epoxy are thermosetting. Among thermoplastic pipes,
UPVC and polyethylene pipes arc widely manufactured in India. The relevant specifications are given
in Annex A.

Prestressed concrete pipe is a unique combination of


durability of concrete and high strength of steel combined with economy of raw materials. PSC pipes cater
for intermediate pressure range for which metallic
pipes are expensive and cement concrete pipes would
not be possible. These pipes are ideally suited for
water supply mains with a pressure range of 0.6 to
2.0 MPa (6-20 kgf/cm2). These pipes economically
contpete with steel pipes for diameters 600 mm and
above.
PSC pipes can not be cut to size to close gaps in the
pipe-line. Special closure units are to be manufactured to the exact length. Even though PSC pipes are
very good in strength and economy, the manufacturing of these pipes calls for skilled personnel and
special machinery. Thus they can not be manufactured near to work sites, which results in higher
transportation costs.

NOTE - During the formulation of standards, extensive investigations were made which established that thermoplastic pipes are
qually safe from bacteriological point 0Pview as metalE pipes.
Thermoplastic pipes are generally manufactured by extrusion
moulding io continuous length. As tbe. plastic extrusion comes from
tbe die, it is cooled by water spray or immersion in water. The
pipe is pulled through a traction unit or hauled off and finally cut
to length by circular saw. Thermosetting pipes are generally maoufactured by cootinuous filament winding process or ceotrifugal
casting.

The requirements for PSC pipes and their specials are


covered in IS 784 : 1978.

The properties, usage and suitability of widely used


plastic pipes are discussed in the following paragraphs and comparison of properties of various plastic
pipes is given in Table 3.

3.4 Asbestos Cement Pipes


Asbestos cement (AC) pipes are being used in our
country for more than 50 years. These pipes are made
of a mixture of asbestos fibre and portland cement
compressed by steel rollers to form laminated material of great strength and density. These pipes have
smooth internal surface and they will have more or
less constant water carrying capacity through out
their life. They are not affected by electrolytic corrosion. These pipes are light when compared to
cement or PSC pipes. They can cater to working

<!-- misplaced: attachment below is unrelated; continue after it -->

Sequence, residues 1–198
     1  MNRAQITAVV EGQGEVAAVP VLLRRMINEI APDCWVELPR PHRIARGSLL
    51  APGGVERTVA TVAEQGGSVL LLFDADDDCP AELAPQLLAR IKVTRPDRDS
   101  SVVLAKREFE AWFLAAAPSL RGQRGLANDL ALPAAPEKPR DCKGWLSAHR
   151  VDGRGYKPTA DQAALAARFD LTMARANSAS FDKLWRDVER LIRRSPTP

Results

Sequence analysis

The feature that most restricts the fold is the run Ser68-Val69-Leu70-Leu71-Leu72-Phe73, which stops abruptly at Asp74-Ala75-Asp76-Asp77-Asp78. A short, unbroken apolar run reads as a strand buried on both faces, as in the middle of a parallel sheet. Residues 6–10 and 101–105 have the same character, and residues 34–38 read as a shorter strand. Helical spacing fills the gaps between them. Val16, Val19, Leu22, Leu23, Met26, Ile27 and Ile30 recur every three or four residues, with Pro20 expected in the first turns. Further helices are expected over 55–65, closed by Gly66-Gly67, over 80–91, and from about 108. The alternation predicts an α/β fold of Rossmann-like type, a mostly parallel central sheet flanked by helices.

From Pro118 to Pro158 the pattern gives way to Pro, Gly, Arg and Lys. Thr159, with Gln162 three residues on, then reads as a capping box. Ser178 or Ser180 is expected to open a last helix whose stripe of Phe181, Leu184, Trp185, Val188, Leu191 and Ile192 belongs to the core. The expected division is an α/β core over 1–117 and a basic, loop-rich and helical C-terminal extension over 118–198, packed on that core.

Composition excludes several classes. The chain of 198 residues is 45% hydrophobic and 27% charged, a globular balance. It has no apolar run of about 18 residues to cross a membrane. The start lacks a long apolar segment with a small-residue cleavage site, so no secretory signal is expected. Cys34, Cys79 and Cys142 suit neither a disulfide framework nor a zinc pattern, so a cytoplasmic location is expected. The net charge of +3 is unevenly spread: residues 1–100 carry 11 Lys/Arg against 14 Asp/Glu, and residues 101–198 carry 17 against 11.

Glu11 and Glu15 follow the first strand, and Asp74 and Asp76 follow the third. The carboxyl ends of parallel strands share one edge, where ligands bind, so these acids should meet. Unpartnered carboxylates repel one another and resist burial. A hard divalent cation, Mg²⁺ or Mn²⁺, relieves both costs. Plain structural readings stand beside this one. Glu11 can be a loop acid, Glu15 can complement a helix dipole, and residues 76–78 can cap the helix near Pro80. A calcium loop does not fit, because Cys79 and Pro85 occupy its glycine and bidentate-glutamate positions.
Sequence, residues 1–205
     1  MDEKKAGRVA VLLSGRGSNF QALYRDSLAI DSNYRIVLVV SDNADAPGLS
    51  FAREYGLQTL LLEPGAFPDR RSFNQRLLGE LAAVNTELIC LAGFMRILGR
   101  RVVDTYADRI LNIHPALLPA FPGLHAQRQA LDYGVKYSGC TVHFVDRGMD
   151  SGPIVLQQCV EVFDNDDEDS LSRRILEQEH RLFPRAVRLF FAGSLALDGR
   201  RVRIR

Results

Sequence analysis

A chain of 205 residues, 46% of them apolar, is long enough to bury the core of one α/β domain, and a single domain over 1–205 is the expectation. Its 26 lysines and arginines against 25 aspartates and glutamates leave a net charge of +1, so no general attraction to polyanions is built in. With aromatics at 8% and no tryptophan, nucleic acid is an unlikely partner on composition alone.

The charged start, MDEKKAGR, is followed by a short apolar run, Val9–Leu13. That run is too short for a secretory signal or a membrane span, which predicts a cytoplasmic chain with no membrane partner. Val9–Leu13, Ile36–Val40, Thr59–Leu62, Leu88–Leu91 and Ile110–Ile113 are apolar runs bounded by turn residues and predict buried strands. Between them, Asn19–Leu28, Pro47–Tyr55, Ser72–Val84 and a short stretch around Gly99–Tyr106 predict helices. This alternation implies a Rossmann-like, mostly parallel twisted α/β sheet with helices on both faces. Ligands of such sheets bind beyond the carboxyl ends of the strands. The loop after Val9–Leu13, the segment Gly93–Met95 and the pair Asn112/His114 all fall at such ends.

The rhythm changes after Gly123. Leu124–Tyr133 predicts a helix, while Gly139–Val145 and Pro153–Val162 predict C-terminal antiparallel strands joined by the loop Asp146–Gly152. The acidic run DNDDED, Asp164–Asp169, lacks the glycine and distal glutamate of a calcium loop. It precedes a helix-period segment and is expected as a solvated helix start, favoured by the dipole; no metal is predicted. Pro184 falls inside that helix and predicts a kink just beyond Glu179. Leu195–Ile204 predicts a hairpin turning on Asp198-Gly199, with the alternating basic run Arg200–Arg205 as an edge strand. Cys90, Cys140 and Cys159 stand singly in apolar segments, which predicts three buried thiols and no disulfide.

pressures up to 1.25 MPa (12.5 kgf/cm2).Holes can
be drilled in these pipes, thus, tappings can be made.
These pipes are generally jointed by cast iron detatchable joints or by asbestos cement caller joints.
Because of their corrosion resistance, smooth flow
characteristics and suitability of pressure range these

4.2 Unplnsticised PVC Pipes


These are generally known as UPVC pipes or rigid
PVC pipes. These pipes are light in weight, tough,
exceptionally resistant to chemical attack and available in large lengths which reduce the cost of handling, transportation and installation. Lesser number
of joints facilitates not only speed in laying of pipeline but also reduces the chances of leakage. These
are immune to galvanic and electrolytic attack when
burried in corrosive soils or near brackish water.
UPVC pipes have good elastic properties and their
adaptability to earth movement is superior compared
to conventional pipe materials. Thermal conductiv7

_-,_.--.--

SP 57 (QAWSM) : 1993
ity of UPVC pipes is very low compared to metals,
consequently water transported in these pipes
remain at a more uniform temperature. Smooth
internal .surface of the pipes offers less friction which
results in saving of energy in the conveyance of
water. These pipes are recommended for water
temperature ranging from 1 to 45OC. At higher temperatures up to 45OC,the strength of pipe reduces and
the working pressure shall be modified in accordance
with Fig. 1. Deterioration and decomposition of plastic pipes are accelerated by ultraviolet light and
frequent changes in temperature which are particularly severe in our country. Deterioration starts with